Nangan is an island in the Matsu region of Taiwan.It is the primary and governing island for the Matsu Islands. It is also the largest of the islands. Most flights and boats will fly into Nangan. There are many things to see and most signs are in English, albeit some travelling requires guess and test.
The capital and location of the airport is Jieshou Village(Shanlong). Nioujiao Village (Fuxing), Fuao Village, Matsu Village, and Renai Village marks the other main villages. They are all tied to Central Blvd one way or another.
Since Nangan is the main island, there is massive military presence on all corners of the island. China is only a few miles off the coast and quite easy to see on a clear day. Nangan is also the main island, so travelling between islands is mainly via Nangan.
Also do not fear the roads. It may look like a sidewalk, but it is probably a road.
You can either fly using Uniair or take a boat from Keelung.
The Taima (臺馬) ferry from Keelung takes between eight and ten hours and docks at Nangan (南竿) and Dongyin and runs every day except Tuesday, weather permitting. From the Keelung TRA station, turn left and walk about a block along the harbor to the ferry terminal. The boat leaves Keelung around 9 p.m. and arrives early the next morning. Economy bunks are inexpensive and relatively comfortable -- in addition to safe even for solo travelers -- but private rooms sleeping two or four in bunks or a double bed are available in business and first classes. Online reservations are available, but the system only allows you to make reservations for specific days, so start checking seven days prior to travel and check back often. To avoid lines, reservations are recommended whether using the online system, phone, or in-person booking at the terminal. However seats -- and even bunks -- may be available the day of travel, but plan on arriving at the terminal 2 to 2.5 hours before sailing. Regardless, as weather frequently cancels trips, payment is not made until the day of travel. The return passage departs Nangan around 9 a.m., and tickets can be purchased from the ferry station. As of June 2015 construction was underway of a new ferry terminal,but the ticket counters are located behind the strip containing the 7-11 and ferry ticket booths for the local ferries. Look for a two-story building with gold lettering.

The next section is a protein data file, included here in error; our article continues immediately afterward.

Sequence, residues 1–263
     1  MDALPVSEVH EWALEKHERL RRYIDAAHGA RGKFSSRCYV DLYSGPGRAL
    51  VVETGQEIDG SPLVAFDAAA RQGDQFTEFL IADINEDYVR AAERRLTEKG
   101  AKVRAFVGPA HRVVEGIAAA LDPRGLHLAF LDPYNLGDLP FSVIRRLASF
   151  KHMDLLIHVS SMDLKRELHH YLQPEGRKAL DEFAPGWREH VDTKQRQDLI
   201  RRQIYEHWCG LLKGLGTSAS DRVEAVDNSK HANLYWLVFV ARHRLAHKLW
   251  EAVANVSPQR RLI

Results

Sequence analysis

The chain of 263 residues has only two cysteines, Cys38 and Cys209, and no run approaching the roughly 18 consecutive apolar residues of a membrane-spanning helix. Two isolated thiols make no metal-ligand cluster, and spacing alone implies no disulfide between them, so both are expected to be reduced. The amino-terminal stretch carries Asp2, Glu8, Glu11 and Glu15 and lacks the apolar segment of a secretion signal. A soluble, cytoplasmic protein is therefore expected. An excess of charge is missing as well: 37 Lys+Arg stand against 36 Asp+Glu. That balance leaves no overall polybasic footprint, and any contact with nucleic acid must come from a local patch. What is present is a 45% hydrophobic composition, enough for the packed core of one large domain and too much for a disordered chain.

Uniair has approximately seven daily flights between Taipei Songshan Airport (TSA) and Nangan and one to Taichung (June 2015). The flight is one hour long and tickets can be purchased inexpensively the day or so before travel.
Whether traveling by air or sea, be aware that weather frequently cancels flights and cruises with little warning, potentially leaving travelers stranded on the island. While accommodations are relatively plentiful, plan for the possibility of an extra day in Matsu.
It is highly recommended you rent a scooter from the airport or Fuao harbor. Go to the Visitor Information and ask for help.
Also do pickup the English Backpackers Guide. It has highly detailed itineraries and somehow manages to provide an incredibly useful map.
- Nioujiao (Fuxing) Village. Beautiful granite village built at the edge of a mountain on the sea. Check out the temple on the harbor and spend hours getting lost in its tranquility. edit
- Tunnel 88. 9-11am. This tunnel was built centuries ago to defend the locals from pirates. Later it was used by the military and now it is used by the Matsu Distillery. The timings are odd and change frequently. Keep in mind the floor is sticky and the tunnel has a strong scent of Gaoliang. free. edit
- Matsu Distillery. 9-11am. As every region in Taiwan is famous for something, Matsu is known for its Rice Wine, Gaoliang. It is incredibly strong and the smell can not be missed. The Distillery can be found by just using your nose. They will have you watch a movie and then liberally provide you with shots. It is a definitely recommended trip, that you may potentially forget (be careful!). free. edit
Yima's Kitchen, No. 72-1 Nioujiao (Fuxing) Village/牛角 (next to another small restaurant; look for the long glass window in a stone house: A great option for sampling the local cuisine in a Fujian-style stone house. The menu is translated into English and includes set meals and a la carte local specialties. The set changes with availability, but may include fried rice made with the local fermented rice, stir fried barnacles, local mussels, yellow croaker and other fish, locally grown vegetables, and soup. Iced tea in an ice cold pitcher was a welcome accompaniment on a hot summer day, but wine and beer were also available.